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‘Lamborghini: The Man Behind the Legend’ Review: It’s Terrible

Street racing, scandalous love affairs, V-12s and Enzo’s scarves: It shouldn’t take much to make a watchable film about sports car development in 1960s Italy, especially when it’s written and directed by Oscar winner Bobby Moresco.

Well, anyone can have an off day. We recently looked Lamborghini: The man behind the legend and caught up with the Smoking Tire podcaster (and Road & Lane editor-in-chief) Matt Farah to compare notes. Spoiler: All notes were bad.

Don’t read any further if you don’t want plot point spoilers because you plan to see the
movie—but also, if you’re planning on seeing the movie, we can just say we warned you.

Elana Scherr: You saw this movie before me. I saw your tweet saying it was 90
minutes you would never get again in your life. And then I watched it anyway.
Matt Farah:
Yeah, I know, it was crap almost immediately.
Hannah Stein
(Matt’s wife shouts from across the room): Ask him what his expectations were for that!
Good question. What were your expectations, Matt?
I am a Lamborghini fan. I’m a Lamborghini owner, and this is a movie about cars. Therefore
how am I not going to watch it? And Ferruccio Lamborghini, nobody really ever talks about his character, the way they talk about Enzo Ferrari or Carroll Shelby. So I wondered
which they would make a movie about. I thought, at worst, it would be entertaining
kind of terrible. Instead, it was just a very sad kind of terrible.
Terribly boring. You think, at least there will be cars to look at. There was
so few cars in this movie i got up to get a drink and i basically missed all the
cars. I came back and they crashed in whatever race they had to
be, the Mille Miglia or something. And that was basically the last time you saw any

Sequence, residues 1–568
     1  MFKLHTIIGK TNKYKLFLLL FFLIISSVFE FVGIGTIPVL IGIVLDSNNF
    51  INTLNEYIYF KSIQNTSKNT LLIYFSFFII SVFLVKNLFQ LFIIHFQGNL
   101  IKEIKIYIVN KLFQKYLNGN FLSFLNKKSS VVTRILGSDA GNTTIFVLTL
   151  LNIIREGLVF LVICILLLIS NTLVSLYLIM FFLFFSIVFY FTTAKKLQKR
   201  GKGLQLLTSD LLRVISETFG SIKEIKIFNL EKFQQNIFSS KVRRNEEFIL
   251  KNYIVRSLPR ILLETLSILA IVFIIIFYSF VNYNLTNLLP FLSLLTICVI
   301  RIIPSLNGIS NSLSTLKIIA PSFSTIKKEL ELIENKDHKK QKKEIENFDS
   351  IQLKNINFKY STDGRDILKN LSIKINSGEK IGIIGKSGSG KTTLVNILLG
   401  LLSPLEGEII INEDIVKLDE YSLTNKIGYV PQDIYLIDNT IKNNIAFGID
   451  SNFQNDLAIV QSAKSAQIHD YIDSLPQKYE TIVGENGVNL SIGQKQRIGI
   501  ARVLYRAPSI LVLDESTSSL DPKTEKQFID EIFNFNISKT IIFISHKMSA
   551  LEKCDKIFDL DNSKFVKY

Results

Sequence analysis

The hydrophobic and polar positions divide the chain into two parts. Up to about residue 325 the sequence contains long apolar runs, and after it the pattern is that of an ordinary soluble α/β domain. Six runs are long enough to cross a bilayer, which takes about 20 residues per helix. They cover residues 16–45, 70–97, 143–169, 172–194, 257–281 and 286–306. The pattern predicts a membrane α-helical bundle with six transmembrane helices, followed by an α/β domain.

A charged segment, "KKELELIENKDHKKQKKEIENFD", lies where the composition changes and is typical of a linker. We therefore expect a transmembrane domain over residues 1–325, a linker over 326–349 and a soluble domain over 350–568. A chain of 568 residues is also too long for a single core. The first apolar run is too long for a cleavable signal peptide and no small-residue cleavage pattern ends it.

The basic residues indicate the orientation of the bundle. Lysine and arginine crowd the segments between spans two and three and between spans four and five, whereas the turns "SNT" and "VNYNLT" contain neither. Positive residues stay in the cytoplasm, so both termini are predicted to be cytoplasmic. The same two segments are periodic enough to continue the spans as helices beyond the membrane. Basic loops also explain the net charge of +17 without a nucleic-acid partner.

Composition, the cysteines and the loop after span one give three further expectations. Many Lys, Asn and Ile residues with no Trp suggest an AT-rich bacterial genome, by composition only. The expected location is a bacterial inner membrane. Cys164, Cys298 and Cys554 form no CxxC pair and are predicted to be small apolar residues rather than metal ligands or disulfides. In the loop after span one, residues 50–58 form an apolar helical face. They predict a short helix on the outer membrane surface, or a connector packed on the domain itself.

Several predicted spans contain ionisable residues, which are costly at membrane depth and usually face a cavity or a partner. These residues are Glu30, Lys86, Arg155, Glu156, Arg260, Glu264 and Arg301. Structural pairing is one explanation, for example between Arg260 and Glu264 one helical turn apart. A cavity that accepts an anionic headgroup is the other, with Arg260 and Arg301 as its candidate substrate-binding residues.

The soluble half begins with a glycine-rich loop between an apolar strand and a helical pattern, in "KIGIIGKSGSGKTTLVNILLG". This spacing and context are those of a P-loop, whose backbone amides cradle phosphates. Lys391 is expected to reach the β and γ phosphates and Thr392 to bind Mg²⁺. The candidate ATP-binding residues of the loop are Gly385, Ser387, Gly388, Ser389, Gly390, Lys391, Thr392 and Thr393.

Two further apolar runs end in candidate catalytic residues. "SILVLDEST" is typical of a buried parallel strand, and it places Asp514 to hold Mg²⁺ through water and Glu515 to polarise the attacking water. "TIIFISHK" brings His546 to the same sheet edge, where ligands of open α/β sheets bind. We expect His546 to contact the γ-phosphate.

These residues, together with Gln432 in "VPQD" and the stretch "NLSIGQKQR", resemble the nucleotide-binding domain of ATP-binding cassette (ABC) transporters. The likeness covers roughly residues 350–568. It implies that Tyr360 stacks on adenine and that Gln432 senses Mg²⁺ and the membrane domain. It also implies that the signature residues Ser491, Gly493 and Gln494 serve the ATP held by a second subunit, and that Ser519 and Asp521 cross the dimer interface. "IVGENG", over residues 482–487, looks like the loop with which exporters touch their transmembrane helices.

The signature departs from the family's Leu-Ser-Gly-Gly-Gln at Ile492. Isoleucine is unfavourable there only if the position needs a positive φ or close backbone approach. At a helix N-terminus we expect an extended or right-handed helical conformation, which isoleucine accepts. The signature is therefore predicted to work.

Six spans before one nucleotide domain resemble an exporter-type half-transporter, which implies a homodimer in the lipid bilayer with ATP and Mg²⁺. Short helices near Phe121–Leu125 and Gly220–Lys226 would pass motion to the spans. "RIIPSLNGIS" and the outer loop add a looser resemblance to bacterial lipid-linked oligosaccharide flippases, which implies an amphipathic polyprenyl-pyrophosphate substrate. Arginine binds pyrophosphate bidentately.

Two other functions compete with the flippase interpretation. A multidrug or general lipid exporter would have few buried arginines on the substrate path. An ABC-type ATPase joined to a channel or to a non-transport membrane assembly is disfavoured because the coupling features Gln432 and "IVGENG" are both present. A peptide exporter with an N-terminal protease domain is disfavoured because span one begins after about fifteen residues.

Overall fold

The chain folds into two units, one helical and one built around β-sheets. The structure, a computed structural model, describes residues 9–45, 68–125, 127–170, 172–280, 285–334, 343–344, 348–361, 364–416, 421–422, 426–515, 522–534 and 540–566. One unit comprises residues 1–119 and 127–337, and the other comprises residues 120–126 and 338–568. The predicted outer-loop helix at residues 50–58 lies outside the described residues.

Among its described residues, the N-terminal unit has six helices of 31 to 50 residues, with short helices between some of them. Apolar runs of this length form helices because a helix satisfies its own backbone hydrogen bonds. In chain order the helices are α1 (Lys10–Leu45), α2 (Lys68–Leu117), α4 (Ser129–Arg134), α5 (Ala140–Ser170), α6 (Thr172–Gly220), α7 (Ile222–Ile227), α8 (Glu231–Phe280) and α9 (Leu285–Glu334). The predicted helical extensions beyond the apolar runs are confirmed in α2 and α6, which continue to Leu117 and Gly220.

It was a regional pre-Mille event. That race was where they promptly lost
me, because Enzo Ferrari is there in a 166. And I know that the 166 came out in
1947, early 1948. So that sets our timeline for that race, because Enzo (Gabriel
Byrne as Enzo) is there talking about his brand new car. So this is the year. And
these guys are just back from WWII, and they’re still kids. So already the
years are funky. Then in the race there is a Porsche 356 Speedster, and there is a
Mercedes 190SL roadster. Those cars didn’t come out until 1954. So you have you
cool storyline and all that. But then they make this race take place in a space-time
continuum that cannot exist.
The entire timeline was screwed up, even down to the point of the age difference
between Enzo and Ferruccio. When you watch this movie, you’ll think, “Oh boy,
Lamborghini was just a kid. Just a kid against Enzo’s big old man.” But they were
actually 18 years apart, so if Enzo is supposed to be, I don’t know, 60, Ferruccio
mustn’t look 30.
Right! OK, so there’s that nonsense timeline. And then there’s this street racing dream sequence thing that has nothing to do with the plot, never resolves itself, and comes back several times in the movie with two cars from the company’s history that is 20
years after the movie ended.
Oh my god, so bad. There is no logic in choosing those two. It wasn’t even two
equally famous cars of every brand.
Exactly. There’s a Countach I’m starting to use. It is an iconic design. But then
you have Enzo in a Mondial coupe. What are we doing here? You can tell some
producers said somewhere, “We should have Ferruccio and Enzo have a street race and pass each other.” But they never had a street race. “Make it a dream sequence or something. But we have to let Ferrari and Lamborghini race each other, even though Lamborghini never built racing cars.”
“Let’s just use it to show whenever he’s emotionally upset; when he misses his
son’s birth because he is looking at a Lamborghini badge for his new tractor and
then his wife dies.”
How about when his wife dies and in the very next scene he meets the surrogate woman who’s chasing his best friend, and he just decides she’s his after one conversation?